Saturday, August 25, 2012

shameless victorian-related plugs

Reason #36 why my new job is awesome- the phone call I received yesterday from my coworker Jonathan.

To preface this, I need to mention that everyone working for the Art Museum knows about my steampunk tendencies by now.  The Natural History Museum has a smattering of people who have heard of it and appreciate it, but Art is just crazy about it. I guess it makes me strangely unique in an institution of already extremely unique people.

JONATHAN: Hey, I need a stuffy female Victorian name and I figured you'd know about that.

CLEMENTINE: Well, you came to the right place.  Why?

JONATHAN: For our World's Fair Facebook promotion.

CLEMENTINE: Okay.  Ummmm.... Pensington for the last name... Lady Pensington...

JONATHAN: Good, good!

CLEMENTINE: Ummm... dammit, I'm on the spot here... Victoria for the first name?

JONATHAN: A different name for a titled person, like "Woosley" as the normal last name and "Pensington" as the titled one?

CLEMENTINE:  Women didn't really do that... ummm.... Rosaline.  Lady Rosaline Pensington.  Or "Margaret" as the first name.  "Lady" is the closest you're going to get to a stuffy title for a woman.  I'll keep thinking.

After a quick Facebook consultation with another steampunk friend, I was able to present Jonathan with "Prudence Imogen Merriweather" as an alternative name.

The exhibition to be featured?  Inventing the Modern World: Decorative Arts at the World's Fairs, 1851-1939.  The exhibition highlights the unique and often ingenious decorative art pieces made for various World's Fairs, including the first World's Fair held in London in 1851 otherwise known as the Great Exhibition of the Works of Industry of All Nations.

But why should anyone care to look at a bunch of old fancy items displayed 80 to 160 years ago?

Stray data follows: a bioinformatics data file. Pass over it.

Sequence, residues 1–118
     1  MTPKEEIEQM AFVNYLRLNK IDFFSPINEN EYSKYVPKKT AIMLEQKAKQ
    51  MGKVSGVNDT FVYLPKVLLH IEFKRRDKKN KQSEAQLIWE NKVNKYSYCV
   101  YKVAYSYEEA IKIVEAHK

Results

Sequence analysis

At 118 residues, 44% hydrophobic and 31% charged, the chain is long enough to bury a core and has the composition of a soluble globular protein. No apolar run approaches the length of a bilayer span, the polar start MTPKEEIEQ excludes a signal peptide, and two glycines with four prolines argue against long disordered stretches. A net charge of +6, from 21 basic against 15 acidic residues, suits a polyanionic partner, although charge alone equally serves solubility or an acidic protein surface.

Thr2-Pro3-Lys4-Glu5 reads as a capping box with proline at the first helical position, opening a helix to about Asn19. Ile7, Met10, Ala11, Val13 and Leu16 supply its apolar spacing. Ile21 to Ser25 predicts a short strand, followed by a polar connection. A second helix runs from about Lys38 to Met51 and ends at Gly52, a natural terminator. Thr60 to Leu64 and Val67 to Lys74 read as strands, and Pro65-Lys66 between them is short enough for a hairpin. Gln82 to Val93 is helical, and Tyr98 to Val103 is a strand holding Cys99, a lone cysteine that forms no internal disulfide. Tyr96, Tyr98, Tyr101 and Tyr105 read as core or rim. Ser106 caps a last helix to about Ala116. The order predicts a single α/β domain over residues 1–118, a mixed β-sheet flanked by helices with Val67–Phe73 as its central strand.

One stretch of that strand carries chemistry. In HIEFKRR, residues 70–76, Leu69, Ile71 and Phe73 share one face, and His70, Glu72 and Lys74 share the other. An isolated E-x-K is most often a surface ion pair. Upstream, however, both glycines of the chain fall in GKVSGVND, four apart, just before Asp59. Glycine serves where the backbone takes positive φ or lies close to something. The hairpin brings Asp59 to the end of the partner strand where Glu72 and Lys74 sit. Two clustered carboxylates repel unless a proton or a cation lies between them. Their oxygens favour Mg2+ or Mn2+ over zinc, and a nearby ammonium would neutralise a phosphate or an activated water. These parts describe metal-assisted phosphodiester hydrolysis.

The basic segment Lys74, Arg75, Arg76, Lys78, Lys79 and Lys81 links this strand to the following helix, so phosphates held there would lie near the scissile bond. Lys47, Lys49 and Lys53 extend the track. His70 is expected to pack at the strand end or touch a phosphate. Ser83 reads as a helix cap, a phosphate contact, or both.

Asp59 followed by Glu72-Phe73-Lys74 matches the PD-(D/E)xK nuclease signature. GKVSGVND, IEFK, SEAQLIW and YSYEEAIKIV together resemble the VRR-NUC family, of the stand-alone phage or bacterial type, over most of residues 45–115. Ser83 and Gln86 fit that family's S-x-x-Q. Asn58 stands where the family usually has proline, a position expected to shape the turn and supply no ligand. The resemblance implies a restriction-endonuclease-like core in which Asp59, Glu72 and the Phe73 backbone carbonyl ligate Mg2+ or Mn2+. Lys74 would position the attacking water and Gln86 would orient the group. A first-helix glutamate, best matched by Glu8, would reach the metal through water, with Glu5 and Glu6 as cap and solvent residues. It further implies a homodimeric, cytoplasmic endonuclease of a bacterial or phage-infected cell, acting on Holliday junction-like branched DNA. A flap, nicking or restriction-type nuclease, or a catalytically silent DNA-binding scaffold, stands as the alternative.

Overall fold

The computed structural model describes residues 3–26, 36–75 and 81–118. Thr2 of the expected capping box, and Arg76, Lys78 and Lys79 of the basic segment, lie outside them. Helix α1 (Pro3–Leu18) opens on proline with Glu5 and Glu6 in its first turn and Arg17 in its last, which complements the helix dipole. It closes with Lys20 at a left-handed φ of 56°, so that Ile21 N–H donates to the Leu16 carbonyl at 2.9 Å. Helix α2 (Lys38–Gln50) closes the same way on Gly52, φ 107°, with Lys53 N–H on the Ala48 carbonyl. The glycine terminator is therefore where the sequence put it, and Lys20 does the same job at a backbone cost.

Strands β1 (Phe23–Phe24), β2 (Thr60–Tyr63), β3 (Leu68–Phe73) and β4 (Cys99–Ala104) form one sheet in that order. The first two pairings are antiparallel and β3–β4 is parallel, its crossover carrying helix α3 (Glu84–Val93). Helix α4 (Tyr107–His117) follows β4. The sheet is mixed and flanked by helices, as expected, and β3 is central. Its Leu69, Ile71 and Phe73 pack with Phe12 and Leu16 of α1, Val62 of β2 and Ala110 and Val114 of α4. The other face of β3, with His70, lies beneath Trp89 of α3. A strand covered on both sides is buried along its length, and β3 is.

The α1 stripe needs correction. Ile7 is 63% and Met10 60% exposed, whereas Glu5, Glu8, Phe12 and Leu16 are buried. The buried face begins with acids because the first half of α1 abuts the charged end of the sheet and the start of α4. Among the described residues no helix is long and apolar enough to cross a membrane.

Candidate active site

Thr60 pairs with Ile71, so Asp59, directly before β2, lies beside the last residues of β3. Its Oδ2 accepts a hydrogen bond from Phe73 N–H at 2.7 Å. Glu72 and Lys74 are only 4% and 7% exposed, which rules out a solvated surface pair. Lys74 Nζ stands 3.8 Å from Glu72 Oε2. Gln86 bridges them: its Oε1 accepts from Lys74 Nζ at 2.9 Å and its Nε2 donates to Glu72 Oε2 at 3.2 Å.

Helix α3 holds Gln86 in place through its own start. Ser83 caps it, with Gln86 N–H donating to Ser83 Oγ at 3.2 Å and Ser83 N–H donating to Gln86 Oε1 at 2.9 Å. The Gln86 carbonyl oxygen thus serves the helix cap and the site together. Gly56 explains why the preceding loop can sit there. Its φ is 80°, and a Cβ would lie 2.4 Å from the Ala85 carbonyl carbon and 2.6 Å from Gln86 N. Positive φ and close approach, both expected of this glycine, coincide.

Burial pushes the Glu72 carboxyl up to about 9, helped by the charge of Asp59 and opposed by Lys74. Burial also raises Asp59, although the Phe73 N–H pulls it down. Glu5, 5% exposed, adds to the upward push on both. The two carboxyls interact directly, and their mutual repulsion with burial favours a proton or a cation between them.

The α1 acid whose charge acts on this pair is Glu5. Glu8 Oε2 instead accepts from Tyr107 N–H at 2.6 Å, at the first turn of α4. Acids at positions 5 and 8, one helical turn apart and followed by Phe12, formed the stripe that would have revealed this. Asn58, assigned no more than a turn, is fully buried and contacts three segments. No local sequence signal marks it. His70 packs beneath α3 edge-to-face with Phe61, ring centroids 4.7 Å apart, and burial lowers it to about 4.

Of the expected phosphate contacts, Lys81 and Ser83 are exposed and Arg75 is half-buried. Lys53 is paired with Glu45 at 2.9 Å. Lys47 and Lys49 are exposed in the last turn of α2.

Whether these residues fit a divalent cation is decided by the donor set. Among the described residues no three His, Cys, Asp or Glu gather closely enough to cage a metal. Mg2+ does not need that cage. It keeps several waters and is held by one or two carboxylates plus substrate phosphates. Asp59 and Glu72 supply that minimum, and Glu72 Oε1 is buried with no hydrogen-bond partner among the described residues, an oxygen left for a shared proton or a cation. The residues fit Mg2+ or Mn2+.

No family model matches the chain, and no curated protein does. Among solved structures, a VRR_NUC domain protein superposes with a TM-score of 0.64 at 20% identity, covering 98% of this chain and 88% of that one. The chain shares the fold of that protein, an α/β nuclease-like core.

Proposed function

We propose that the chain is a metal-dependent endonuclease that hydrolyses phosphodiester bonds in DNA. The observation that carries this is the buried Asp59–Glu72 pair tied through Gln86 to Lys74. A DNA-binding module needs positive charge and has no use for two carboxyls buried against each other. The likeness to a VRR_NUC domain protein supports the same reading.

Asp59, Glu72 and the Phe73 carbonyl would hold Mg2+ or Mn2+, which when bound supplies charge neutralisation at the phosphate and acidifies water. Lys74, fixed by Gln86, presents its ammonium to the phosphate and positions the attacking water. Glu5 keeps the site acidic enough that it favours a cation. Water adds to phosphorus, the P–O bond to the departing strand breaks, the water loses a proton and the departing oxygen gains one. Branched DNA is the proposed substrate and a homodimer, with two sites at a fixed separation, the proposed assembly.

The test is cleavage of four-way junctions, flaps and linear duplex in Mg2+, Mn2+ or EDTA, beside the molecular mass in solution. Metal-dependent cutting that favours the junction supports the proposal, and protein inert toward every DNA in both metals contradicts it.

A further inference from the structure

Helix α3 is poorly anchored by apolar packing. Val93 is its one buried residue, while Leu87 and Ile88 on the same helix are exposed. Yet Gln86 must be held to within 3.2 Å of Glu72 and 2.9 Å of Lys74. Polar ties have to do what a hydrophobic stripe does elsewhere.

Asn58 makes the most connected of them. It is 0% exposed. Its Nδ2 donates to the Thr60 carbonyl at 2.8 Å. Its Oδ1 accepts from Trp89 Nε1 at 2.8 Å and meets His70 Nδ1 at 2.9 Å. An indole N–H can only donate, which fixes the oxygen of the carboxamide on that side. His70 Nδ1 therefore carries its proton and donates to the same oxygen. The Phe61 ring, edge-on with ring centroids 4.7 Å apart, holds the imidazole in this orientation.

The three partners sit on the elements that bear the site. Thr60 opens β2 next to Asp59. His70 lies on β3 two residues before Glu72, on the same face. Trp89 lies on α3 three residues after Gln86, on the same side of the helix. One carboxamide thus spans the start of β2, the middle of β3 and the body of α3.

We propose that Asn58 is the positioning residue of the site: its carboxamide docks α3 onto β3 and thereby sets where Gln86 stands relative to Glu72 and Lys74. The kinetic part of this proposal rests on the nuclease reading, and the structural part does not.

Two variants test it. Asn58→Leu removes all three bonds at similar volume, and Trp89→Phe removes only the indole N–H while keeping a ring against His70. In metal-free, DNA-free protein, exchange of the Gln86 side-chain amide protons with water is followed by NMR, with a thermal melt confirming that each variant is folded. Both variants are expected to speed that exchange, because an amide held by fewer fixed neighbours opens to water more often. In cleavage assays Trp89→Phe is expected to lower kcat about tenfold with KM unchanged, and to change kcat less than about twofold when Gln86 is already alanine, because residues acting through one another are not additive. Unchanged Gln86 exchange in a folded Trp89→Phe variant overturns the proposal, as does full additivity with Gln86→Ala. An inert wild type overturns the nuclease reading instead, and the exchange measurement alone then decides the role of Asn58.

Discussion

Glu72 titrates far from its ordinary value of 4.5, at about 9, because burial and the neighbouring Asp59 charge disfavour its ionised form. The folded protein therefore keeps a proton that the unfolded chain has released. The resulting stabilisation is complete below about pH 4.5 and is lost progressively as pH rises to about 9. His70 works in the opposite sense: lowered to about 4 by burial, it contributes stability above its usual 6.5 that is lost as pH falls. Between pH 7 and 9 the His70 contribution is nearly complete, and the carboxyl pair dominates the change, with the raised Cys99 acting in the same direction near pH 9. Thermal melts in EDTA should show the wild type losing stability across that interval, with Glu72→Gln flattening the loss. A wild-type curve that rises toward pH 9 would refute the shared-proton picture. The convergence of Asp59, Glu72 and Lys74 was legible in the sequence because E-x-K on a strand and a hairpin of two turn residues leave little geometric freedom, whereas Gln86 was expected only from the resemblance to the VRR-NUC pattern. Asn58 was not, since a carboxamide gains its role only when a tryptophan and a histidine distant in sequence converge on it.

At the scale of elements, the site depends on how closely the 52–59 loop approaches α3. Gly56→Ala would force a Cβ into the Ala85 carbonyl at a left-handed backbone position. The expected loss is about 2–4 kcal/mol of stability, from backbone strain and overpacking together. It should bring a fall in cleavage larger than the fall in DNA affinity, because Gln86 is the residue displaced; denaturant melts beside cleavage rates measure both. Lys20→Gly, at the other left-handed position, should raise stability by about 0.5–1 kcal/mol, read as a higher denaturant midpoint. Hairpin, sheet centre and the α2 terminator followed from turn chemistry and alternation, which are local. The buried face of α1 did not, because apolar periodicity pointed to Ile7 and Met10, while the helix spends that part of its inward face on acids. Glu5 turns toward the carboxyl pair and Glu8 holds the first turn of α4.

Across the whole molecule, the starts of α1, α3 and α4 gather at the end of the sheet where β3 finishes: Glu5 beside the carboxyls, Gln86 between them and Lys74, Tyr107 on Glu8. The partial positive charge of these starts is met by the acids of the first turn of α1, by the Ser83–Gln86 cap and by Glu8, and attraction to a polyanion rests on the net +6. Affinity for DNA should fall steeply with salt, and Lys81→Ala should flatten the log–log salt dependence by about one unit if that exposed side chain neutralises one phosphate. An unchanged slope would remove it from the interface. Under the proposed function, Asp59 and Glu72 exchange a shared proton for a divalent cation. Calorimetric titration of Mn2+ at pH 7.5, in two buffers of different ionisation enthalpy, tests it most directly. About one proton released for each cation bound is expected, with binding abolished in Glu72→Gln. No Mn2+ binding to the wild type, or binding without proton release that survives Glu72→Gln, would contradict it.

[The] fairs were the most important vehicles for debuting advancements in modern living, democratizing design as never before. Inventing the Modern World showcases approximately 200 examples of the most extraordinary works of furniture, metalwork, glass, ceramics, textiles, and jewelry produced by leading international artists and firms, including Lalique, Herman Miller, Sèvres, and Tiffany. These exceptional and singular objects—some never before seen in the United States—represent the pinnacle of scientific and artistic achievements of their time. Inventing the Modern World breaks new ground in its exploration of innovation in decorative arts.
As an aside, the first World's Fair was brought to fruition mostly by the efforts of Queen Victoria's consort Prince Albert.

The exhibition is set to open to the general public on October 13 at the Carnegie Museum of Art in Pittsburgh.

Jonathan's Facebook campaign, meanwhile, is just meant to be fun.  This is the caption that he ended up using via roflbot:

image source: Carnegie Museum of Art Facebook Page


  1. Always wished I could have seen what was exhibited at the Crystal Palace - you know, if one had a Time Machine or something. Always wished I could have worked at an Art Museum, too. ;o)

    1. I wish I could have seen all of the exhibits at the Crystal Palace as well. It's such a shame that the Palace itself burned down in 1936, before real proper photos could be taken of it to be able to see and get some inkling of an idea of what the Great Exhibition was like.


      You can always volunteer at an art museum if you want. It can sometimes lead to a job, if you have or develop skills that they need. :)